North­eastern Uni­ver­sity is Boston’s first higher edu­ca­tion insti­tu­tion to join the Real Food Chal­lenge, a national cam­paign through which col­leges and uni­ver­si­ties pledge to pur­chase at least 20 per­cent of their food from local, fair, and sus­tain­able sources by 2020. Pres­i­dent Joseph E. Aoun recently broke the news via Twitter.

The Real Food Challenge—which began as an inde­pen­dent, self-​​funded pro­gram of The Food Project, a Boston-​​based non­profit organization—strives to har­ness the power of youth and uni­ver­si­ties to build a healthy, fair, and green food economy.

Northeastern’s par­tic­i­pa­tion in the Real Food Chal­lenge con­tinues its long­standing com­mit­ment to sus­tain­ability and Dining Ser­vices’ green ini­tia­tives. Two of the seven 3-​​Star Cer­ti­fied Green Restau­rants in Mass­a­chu­setts are located on campus: the Inter­na­tional Vil­lage Dining Hall and Peet’s Coffee and Jamba Juice. North­eastern is also the first col­lege or uni­ver­sity in the nation to earn both the 3-​​Star Cer­ti­fied Green Restau­rant dis­tinc­tion and LEED Gold Status. The university’s “Com­post Here” pro­gram annu­ally turns food waste into nearly 700 tons of com­post and dining Ser­vices offered more than 165,000 pounds of locally grown pro­duce during the 2011-​​12 aca­d­emic year.

North­eastern will launch its Real Food effort this fall, begin­ning with a pilot pro­gram at the Inter­na­tional Vil­lage dining hall. A small group of stu­dents will work along­side Dining Ser­vices staff to ana­lyze food pur­chase invoices over a one-​​month period using a tool called the Real Food Cal­cu­lator. The cal­cu­lator breaks down “real food” into four cat­e­gories: local– and com­mu­nity based, fair, eco­log­i­cally sound, and humane.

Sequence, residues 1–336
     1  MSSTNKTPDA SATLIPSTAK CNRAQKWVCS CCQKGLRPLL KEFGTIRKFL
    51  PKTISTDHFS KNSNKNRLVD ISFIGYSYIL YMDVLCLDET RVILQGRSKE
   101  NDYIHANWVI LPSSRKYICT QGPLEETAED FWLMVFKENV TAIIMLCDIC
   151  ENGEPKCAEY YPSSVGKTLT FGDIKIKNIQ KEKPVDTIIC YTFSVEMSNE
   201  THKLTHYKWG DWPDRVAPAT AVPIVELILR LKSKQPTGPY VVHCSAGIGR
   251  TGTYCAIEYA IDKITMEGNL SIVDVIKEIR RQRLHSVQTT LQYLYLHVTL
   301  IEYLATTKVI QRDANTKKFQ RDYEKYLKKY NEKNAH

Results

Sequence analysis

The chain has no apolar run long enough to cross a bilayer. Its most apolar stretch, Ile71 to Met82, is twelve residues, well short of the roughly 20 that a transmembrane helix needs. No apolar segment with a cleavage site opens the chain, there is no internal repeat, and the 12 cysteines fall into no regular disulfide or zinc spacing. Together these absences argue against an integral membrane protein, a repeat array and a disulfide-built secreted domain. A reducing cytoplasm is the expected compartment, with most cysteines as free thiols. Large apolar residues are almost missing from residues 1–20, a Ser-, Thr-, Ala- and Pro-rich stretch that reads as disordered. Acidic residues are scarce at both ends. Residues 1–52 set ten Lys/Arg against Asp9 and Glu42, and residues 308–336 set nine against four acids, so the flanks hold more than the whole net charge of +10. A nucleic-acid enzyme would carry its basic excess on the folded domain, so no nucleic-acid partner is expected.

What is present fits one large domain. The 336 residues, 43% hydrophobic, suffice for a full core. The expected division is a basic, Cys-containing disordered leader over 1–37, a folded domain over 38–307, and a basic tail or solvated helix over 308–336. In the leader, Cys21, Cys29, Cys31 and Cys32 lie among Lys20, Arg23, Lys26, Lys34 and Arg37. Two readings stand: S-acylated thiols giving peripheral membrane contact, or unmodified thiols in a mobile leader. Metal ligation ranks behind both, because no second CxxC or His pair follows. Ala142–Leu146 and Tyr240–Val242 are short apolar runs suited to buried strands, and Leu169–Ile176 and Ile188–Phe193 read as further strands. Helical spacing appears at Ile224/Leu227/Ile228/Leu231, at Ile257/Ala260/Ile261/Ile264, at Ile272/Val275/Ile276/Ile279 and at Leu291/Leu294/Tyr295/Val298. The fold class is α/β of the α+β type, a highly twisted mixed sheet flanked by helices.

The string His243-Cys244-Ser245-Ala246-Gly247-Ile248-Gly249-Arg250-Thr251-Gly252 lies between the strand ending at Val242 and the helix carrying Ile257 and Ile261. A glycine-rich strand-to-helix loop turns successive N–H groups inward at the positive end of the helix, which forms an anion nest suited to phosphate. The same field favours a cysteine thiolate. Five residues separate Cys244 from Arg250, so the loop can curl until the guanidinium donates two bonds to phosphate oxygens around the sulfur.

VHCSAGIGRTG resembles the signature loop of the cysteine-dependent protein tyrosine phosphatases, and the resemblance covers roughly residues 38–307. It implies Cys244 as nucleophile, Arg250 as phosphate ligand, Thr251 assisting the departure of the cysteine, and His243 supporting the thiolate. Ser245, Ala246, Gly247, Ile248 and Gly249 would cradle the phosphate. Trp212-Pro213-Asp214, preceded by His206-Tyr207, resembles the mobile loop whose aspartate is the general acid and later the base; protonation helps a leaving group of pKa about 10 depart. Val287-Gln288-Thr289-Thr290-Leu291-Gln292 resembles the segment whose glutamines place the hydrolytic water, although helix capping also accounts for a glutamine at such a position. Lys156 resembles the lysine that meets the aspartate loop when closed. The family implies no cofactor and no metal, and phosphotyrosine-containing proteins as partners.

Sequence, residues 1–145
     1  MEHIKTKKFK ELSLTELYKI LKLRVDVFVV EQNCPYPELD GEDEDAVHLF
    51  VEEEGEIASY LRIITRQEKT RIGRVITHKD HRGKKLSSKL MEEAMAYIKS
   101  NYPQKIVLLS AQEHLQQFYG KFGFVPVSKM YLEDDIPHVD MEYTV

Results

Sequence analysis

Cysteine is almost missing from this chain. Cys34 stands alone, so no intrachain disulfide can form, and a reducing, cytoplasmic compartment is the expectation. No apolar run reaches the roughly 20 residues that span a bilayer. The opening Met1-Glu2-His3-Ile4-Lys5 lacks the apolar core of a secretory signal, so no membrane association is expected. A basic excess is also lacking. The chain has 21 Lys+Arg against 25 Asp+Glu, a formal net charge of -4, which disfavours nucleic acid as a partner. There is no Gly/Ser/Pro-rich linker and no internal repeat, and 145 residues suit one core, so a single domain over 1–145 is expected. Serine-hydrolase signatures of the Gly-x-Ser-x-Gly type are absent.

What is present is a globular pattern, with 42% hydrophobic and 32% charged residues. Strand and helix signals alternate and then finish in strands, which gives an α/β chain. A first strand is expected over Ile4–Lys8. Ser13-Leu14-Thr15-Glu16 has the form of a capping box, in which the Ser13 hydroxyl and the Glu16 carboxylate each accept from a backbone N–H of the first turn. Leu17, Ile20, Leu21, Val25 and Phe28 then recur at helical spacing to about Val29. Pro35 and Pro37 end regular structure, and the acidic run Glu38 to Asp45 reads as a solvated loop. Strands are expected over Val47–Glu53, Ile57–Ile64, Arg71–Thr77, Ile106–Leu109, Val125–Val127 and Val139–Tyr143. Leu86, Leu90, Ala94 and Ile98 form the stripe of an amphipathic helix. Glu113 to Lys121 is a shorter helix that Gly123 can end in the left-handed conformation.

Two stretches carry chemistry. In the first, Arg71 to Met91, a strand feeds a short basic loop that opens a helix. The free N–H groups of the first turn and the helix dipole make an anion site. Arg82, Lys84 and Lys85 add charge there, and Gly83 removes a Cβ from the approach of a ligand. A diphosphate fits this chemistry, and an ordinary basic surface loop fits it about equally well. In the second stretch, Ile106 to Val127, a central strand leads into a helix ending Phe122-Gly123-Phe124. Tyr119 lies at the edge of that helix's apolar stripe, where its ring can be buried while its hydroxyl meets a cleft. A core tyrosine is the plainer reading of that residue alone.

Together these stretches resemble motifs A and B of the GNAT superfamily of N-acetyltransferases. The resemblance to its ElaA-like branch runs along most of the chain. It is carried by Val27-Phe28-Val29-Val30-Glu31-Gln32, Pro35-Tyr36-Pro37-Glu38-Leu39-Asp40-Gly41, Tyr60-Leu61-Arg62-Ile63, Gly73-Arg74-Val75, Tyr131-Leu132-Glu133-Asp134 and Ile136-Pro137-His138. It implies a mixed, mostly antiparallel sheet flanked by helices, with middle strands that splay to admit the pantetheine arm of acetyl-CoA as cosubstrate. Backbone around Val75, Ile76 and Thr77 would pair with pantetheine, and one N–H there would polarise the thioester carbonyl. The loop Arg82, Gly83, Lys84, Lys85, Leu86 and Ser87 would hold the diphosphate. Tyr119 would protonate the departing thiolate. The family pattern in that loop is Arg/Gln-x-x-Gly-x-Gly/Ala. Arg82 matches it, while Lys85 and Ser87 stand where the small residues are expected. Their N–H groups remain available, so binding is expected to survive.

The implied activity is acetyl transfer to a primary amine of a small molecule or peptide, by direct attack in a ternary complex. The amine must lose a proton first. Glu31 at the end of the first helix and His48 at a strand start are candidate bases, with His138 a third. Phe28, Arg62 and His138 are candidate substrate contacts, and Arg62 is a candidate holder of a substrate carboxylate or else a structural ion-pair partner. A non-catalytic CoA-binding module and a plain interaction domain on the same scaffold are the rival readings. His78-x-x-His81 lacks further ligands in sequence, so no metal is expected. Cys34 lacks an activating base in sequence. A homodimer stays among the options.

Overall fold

Dining Ser­vices and stu­dents will examine the results, pro­vide the uni­ver­sity with rec­om­men­da­tions for adopting a com­pre­hen­sive “real food” policy, and for­mu­late a multi-​​year action plan for working toward its adoption.

We’re thrilled about this com­mit­ment. It takes all the work we’ve been doing on sus­tain­ability to a whole new level,” said Mau­reen Tim­mons, director of dining ser­vices at North­eastern. “We give the stu­dents a lot of credit for their com­mit­ment to the issue and for working so closely with us.”

Uni­ver­sity offi­cials have been dis­cussing the move­ment with stu­dent orga­ni­za­tions for sev­eral months, including Slow Food NU and the Pro­gres­sive Stu­dent Alliance. Tim­mons said the stu­dents’ ded­i­ca­tion to the issue led to the university’s deci­sion to inte­grate the project into the cur­riculum this fall. Chris Bosso, a food policy expert and a pro­fessor in Northeastern’s School of Public Policy and Urban Affairs, will lead a credit-​​bearing course next semester geared toward Northeastern’s involve­ment in the movement.

Tricia Kiefer is one of a handful of stu­dents who has been closely involved in the cam­paign. Prior to grad­u­ating in May with a bach­elor of sci­ence in cul­tural anthro­pology, she worked on co-​​op at the Real Food Chal­lenge, stoking nation­wide stu­dent involve­ment in the project. When Kiefer returned to campus, she joined other North­eastern stu­dents in for­mu­lating their pro­posal to join the campaign.

Our cam­paign on campus has been really dynamic,” said Kiefer, who now works for the Real Food Chal­lenge. “The core group of stu­dents has worked hard this semester to unify stu­dents, staff, and the admin­is­tra­tion around this impor­tant common goal.”

Another stu­dent, Brooke Sheehan, a rising second-​​year envi­ron­mental studies major, got involved in the cam­paign after attending a Slow Food meeting. She said the initiative’s wide­spread stu­dent involve­ment piqued her interest.

People don’t always think about where their food is coming from and who is making it,” Sheehan said. “This has been an enlight­ening experience.”